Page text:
Walls must be permanently braced to resist horizontal racking forces applied to the building. Wall bracing must be designed to resist racking forces equal to or greater than the forces calculated in AS 1686.2 section 9.

3. Inadequate footing support

Incorrect stumps and ground bearing pressure cannot be achieved by a brick!

Changed your mind and decided you want a built in robe after all? No worries, just please get your designer to document it and submit it for a variation to the building permit before you commence changes on site, at the very least to spare our inspectors some sanity.

4. External stair compliance

Steps have inconsistent risers with a slippery area near the edge of the going nosing. Slope relationship (2R+G) complies with BCA Vol 2 Section

This may seem a bit pedantic but it can be the biggest headache at the final inspection, for the inspector and Builder/Owner alike. It’s very rare that we identify issues with internal stairs but just as important is the external access to the new works. The nominal dimension of goings and risers of a stair must be constant throughout each stair flight and treads must have a slip-resistant finish or a suitable non-skid strip near the edge of the nosing these steps do not comply with NCC Vol 2 Section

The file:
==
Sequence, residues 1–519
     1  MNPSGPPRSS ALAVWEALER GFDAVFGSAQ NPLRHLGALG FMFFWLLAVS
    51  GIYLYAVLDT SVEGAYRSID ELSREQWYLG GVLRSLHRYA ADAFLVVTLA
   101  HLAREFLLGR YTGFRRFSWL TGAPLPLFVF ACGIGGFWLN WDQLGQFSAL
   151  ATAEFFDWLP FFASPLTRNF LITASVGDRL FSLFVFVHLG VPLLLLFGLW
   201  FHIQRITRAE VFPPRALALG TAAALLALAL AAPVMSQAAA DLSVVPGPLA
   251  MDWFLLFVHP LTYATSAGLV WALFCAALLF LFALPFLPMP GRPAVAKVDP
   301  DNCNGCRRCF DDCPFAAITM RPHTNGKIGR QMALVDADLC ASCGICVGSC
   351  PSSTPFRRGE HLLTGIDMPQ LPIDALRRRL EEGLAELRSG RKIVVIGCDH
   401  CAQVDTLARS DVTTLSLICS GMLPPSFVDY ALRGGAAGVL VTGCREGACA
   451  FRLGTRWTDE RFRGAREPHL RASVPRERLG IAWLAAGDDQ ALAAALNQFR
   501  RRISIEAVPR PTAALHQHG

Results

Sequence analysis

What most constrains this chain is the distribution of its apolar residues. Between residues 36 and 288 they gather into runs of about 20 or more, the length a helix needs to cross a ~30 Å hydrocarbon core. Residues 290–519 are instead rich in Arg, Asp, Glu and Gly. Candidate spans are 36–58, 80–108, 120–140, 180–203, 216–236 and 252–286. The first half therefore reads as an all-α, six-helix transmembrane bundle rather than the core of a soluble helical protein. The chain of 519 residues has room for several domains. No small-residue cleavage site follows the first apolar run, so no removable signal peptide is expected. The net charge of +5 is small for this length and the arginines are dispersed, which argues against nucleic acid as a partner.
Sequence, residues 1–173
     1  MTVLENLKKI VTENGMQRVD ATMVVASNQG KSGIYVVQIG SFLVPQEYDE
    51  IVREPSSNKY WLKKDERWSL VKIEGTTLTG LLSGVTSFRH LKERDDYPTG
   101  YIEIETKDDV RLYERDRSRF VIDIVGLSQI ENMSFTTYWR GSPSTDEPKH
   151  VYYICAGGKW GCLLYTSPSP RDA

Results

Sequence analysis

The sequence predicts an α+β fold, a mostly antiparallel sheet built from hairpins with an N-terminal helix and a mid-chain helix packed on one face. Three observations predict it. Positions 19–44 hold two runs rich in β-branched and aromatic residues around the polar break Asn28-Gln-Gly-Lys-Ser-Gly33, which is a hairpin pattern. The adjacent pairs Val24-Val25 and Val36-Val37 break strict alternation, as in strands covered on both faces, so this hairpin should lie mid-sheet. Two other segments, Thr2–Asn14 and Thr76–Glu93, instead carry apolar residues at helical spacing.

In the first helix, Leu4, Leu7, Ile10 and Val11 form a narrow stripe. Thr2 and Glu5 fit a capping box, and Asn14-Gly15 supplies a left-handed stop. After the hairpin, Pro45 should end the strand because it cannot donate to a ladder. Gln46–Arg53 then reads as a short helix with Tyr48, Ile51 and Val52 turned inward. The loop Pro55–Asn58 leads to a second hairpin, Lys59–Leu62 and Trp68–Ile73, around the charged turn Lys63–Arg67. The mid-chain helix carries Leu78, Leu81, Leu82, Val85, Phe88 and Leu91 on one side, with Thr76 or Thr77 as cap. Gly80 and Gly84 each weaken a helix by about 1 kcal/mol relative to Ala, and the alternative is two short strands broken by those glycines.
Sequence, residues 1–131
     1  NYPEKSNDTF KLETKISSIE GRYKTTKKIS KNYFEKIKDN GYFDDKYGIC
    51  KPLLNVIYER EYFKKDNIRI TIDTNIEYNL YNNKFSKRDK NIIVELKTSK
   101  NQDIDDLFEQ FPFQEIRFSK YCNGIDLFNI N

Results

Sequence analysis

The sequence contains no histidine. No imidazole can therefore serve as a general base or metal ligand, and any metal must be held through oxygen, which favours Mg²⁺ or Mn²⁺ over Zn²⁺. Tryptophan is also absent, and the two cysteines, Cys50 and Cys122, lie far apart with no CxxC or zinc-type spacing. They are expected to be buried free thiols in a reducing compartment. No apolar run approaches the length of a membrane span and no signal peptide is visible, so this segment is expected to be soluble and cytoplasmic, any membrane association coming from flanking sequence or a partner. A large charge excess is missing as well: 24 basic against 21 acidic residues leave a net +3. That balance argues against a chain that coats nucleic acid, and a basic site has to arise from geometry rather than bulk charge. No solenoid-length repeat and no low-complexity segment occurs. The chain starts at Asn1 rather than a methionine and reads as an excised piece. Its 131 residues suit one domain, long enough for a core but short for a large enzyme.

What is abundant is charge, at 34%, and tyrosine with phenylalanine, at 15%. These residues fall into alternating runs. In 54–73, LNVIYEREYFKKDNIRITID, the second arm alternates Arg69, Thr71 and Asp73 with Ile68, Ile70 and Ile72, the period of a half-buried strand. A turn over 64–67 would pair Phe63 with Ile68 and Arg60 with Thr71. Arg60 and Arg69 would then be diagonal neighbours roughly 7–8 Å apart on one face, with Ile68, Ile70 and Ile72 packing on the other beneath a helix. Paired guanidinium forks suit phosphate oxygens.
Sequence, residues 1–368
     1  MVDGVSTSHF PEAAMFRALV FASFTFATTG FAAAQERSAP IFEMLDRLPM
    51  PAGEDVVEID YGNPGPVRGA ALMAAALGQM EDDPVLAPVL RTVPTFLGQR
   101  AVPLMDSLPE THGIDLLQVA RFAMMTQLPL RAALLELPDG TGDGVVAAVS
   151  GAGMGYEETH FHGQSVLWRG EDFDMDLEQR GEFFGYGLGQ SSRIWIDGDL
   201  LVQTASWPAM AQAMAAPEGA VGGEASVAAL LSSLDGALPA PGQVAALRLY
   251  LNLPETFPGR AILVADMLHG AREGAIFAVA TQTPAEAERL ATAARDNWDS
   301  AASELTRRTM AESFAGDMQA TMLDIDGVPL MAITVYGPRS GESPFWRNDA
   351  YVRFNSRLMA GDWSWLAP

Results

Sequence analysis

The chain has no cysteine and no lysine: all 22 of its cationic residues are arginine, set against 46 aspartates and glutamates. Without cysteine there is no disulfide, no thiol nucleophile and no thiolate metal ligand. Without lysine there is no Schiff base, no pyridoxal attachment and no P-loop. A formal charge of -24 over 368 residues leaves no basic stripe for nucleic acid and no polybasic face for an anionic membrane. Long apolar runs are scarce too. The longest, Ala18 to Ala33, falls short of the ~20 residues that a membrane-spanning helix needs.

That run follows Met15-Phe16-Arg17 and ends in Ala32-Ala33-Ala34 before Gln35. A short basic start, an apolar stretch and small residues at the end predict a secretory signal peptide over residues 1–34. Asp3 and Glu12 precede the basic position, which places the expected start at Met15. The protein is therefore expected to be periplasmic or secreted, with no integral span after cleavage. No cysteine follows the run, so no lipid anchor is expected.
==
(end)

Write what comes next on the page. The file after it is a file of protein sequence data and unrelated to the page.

5. Pre-pour support for suspended slabs

We like the initiative on this one and it’s also a resourceful approach, however it is major safety concern.

Log propping supports and standard “acro-props” may or may not hold up during concrete pour and could endanger pump operators / concreters and associated workers.

The correct tools for the job keeps workers SAFE!! (Commercial bondeck bracing)